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Leprocaulon beechingii (Leprocaulaceae), a new species from the southern Appalachian Mountains of eastern North America

Citation

Lendemer, James (2020), Leprocaulon beechingii (Leprocaulaceae), a new species from the southern Appalachian Mountains of eastern North America , Dryad, Dataset, https://doi.org/10.5061/dryad.0k6djh9wd

Abstract

Leprocaulon beechingii is described as new to science based on collections from exposed rock outcrops in the southern Appalachian Mountains in eastern North America. Taxonomic placement in Leprocaulon, and delimitation from other members of the genus with usnic acid, is supported by molecular phylogenetic analyses of ITS and mtSSU sequence data. The species is readily recognized by its occurrence on non-calcareous rocks, normandinoides-type placodioid thallus, and the production of usnic acid and zeorin.

Methods

Initial BLAST searches of the sequences of the new taxon against the NCBI nucleotide collection revealed a close match to existing reference sequence of Leprocaulon Nyl. (ITS, e value 0.0, % identity 89.17% to KC184096; mtSSU e value 0.0, % identity 96.36% to KJ66426) Taxon sampling for the present study was based on Lendemer and Hodkinson (2013) which utilized ITS and mtSSU sequence data. As such, data for these loci were assembled for the Leprocaulaceae based on the sampling of Lendemer and Hodkinson (2013), with representatives of Caliciaceae selected as the outgroup (Dirinaria applanata (Fée) D.D. Awasthi, Pyxine sorediata (Ach.) Mont., P. subcinerea Stirt.), and then expanded as follows: 1) sequences of Leprocaulon calcicola Earl.-Benn., Orange, Hitch & M. Powell were included based on Orange et al. (2017); 2) newly generated ITS and mtSSU sequences from one specimen of the potentially new species were included; 3) sequences of L. nicholsiae Lendemer & E. Tripp were included based on Tripp & Lendemer (in press.), 4) a newly generated sequences L. nicholsiae Lendemer & E. Tripp (11, ITS), L. knudsenii Lendemer & B.P. Hodkinson (2, ITS), and an apparently undescribed Leprocaulon species from Chile (3, ITS) were included.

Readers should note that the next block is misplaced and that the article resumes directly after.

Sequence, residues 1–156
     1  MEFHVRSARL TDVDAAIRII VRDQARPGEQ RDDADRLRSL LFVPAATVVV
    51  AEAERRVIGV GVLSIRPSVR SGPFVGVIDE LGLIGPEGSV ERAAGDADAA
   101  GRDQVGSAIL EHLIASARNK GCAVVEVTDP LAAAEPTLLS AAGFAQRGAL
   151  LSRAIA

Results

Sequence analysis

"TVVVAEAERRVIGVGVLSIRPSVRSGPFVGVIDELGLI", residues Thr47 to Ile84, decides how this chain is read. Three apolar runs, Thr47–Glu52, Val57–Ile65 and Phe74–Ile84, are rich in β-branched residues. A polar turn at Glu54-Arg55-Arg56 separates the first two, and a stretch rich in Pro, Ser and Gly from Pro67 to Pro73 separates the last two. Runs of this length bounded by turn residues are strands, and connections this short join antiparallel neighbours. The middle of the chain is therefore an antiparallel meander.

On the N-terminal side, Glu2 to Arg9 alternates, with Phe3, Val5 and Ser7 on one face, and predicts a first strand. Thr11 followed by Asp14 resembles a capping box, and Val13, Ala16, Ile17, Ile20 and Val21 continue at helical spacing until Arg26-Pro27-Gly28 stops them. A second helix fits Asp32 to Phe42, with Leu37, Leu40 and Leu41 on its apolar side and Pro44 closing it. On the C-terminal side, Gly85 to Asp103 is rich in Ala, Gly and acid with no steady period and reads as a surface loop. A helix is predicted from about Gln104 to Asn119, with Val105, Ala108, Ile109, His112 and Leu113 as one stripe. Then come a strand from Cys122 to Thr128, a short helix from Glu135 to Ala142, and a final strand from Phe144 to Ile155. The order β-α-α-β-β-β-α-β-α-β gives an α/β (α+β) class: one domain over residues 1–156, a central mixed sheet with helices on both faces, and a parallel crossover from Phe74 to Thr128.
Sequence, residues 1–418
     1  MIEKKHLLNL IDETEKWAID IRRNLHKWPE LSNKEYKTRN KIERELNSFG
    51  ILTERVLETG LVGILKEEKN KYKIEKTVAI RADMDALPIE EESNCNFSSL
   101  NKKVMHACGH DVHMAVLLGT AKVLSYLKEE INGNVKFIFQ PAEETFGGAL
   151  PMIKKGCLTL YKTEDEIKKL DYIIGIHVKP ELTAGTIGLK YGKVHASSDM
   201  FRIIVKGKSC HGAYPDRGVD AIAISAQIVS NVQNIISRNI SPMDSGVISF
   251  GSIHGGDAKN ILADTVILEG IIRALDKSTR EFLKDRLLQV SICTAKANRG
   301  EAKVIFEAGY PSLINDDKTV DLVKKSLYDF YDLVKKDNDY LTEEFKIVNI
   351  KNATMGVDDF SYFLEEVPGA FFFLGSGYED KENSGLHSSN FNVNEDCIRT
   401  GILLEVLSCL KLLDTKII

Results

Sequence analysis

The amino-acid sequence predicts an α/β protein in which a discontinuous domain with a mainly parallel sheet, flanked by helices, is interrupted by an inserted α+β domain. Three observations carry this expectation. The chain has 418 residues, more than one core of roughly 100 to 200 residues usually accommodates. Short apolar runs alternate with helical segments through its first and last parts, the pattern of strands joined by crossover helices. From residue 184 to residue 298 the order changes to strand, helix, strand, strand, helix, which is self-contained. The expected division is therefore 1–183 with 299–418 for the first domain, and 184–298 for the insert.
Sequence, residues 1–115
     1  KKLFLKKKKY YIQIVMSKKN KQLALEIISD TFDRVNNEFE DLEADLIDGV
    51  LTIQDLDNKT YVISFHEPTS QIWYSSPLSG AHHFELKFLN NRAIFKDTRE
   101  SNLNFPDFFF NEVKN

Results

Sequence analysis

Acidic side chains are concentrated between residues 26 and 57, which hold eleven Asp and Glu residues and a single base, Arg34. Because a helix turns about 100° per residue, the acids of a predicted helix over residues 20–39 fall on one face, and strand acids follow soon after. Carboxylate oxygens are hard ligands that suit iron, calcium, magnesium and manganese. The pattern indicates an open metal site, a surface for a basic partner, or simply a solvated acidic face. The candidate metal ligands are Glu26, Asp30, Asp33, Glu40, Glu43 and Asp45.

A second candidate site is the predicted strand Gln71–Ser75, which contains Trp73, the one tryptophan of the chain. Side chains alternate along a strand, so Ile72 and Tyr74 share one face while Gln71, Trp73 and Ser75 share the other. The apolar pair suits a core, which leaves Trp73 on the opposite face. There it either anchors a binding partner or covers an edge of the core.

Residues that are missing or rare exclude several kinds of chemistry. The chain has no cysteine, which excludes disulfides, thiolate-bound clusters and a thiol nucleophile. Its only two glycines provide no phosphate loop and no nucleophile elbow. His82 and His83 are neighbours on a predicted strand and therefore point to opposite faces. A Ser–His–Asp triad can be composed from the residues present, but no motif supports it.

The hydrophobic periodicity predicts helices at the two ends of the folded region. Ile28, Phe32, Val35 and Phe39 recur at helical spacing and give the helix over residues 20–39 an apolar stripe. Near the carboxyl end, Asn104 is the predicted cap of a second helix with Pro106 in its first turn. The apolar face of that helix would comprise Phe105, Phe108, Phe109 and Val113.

One alignment was prepared for ITS and one for mtSSU, each was then subjected to auto-alignment using the MAFFT online interface and then manually adjusted with Mesquite 3.04 (Maddison & Maddison 2015). Ambiguously aligned regions were defined as an exclusion set in Mesquite. Each dataset was then prepared for maximum likelihood (ML) analyses by transforming uncertainties and polymorphisms to missing data, manually deleting the ambiguously aligned regions, and exporting the alignment as a PHYLIP file. Each resulting PHYLIP file was then input to ML analyses in RAxML 8.2.10 (Stamatakis 2006) with 500 bootstrap replicates, implementing the most complex nucleotide substitution model in that program (GTRGAMMA). The resulting topologies with ML-bootstrap values were visualized in FigTree (Rambaut 2017). As no conflict (defined following Mason-Gamer & Kellogg 1996) was detected between the two datasets, the alignments were concatenated and the combined alignment subjected to ML analyses as outlined above but with the two loci partitioned and the model GTRGAMMA applied to each partition. The results of the combined analyses were also visualized in FigTree.

Usage Notes

This dataset includes the following:

1) The single locus DNA alignment for nrITS (NEXUS format)

2) The single locus DNA alignment for mtSSU (NEXUS format)

3) The concatened alignment for both loci (PHYLIP format) and the partitions file for this alignment.

4) A table crossreferencing voucher data, isolate numbers, and NCBI accession numbers.

Funding

National Science Foundation, Award: 1542639